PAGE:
The Supreme Court and Libel

By Clifton O. Lawhorne | Go to book overview

7/ A Constitutional Dilemma Court Splits on Privilege to Discuss Issues

When the Supreme Court on 7 June 1971 issued a many faceted decision in the case of Rosenbloom v. Metromedia, Inc., it appeared that the constitutional privilege in libel cases could have reached its so-called outer limits. The Court in this case upheld a lower federal court in requiring that a knowing or reckless falsehood be proved before libel damages could be obtained by a private individual who claimed he was defamed in broadcasts discussing a police campaign to enforce obscenity laws.1 The surface conclusion was that the Supreme Court had extended the constitutional privilege of discussion--previously limited to public officials and public figures--to include libels of private individuals that occurred in discussion of public issues. And it had--to an extent. But the impetus for the decision had come in a plurality, not a majority, opinion. And it was only partially endorsed in separate opinions by two concurring justices, one of whom stipulated that public issues being discussed had to focus on public officials.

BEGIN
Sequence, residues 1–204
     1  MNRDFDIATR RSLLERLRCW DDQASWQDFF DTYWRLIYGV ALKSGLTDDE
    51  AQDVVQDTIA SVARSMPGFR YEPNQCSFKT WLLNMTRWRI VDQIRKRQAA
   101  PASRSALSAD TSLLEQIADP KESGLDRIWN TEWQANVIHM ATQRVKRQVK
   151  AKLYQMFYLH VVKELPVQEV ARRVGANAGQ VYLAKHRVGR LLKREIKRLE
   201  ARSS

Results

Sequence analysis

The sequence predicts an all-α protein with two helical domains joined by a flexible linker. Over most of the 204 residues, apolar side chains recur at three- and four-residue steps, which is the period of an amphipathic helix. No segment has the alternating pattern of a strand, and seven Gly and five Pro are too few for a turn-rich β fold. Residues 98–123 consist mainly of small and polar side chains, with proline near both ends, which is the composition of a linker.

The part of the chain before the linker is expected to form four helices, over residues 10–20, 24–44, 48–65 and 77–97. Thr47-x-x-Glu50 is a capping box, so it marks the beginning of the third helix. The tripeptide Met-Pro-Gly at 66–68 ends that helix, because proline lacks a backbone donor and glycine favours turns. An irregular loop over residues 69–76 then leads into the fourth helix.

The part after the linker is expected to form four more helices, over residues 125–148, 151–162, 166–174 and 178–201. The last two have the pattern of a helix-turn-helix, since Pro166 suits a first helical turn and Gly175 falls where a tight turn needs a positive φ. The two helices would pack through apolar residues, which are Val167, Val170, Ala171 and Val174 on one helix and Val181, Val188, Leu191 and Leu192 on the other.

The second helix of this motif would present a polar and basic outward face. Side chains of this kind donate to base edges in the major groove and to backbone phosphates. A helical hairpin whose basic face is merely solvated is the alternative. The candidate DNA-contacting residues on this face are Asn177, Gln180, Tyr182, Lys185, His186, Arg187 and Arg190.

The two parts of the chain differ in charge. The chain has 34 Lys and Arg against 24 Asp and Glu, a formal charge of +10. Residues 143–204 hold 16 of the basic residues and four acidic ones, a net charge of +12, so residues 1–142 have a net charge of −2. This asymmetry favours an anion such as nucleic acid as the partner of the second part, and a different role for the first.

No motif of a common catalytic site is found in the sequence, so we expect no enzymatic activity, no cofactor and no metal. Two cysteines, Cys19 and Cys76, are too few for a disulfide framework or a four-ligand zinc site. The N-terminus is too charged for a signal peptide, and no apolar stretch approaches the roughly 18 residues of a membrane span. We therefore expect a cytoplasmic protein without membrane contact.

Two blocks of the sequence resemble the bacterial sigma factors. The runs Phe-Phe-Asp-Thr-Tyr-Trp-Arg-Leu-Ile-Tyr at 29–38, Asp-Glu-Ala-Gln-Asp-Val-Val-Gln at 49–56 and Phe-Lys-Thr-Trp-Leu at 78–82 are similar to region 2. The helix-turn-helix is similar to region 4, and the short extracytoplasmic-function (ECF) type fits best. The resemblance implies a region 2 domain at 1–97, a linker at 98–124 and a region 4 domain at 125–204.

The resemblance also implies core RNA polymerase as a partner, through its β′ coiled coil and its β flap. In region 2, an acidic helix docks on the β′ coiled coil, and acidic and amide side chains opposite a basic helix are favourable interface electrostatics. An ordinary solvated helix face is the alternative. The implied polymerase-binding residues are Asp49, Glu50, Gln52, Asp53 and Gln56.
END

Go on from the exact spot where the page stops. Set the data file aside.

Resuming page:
Actually, the Court was badly fractured in this decision. Five separate opinions were written, and there were just as many justices dissenting--three--as there were signing the plurality holding. However, all eight of the justices taking part in the decision did have one view in common. All said in their opinions that the Constitution protects, to some extent or another, published falsehoods concerning private individuals. While the dissenters would not adopt the knowing or reckless falsehood standard as applied to discussion of public issues, they did say the First Amendment protected nonnegligent falsehoods about private individuals in all libel cases, whether or not public issues were being discussed. And they would have greatly reduced the authority of the states to award

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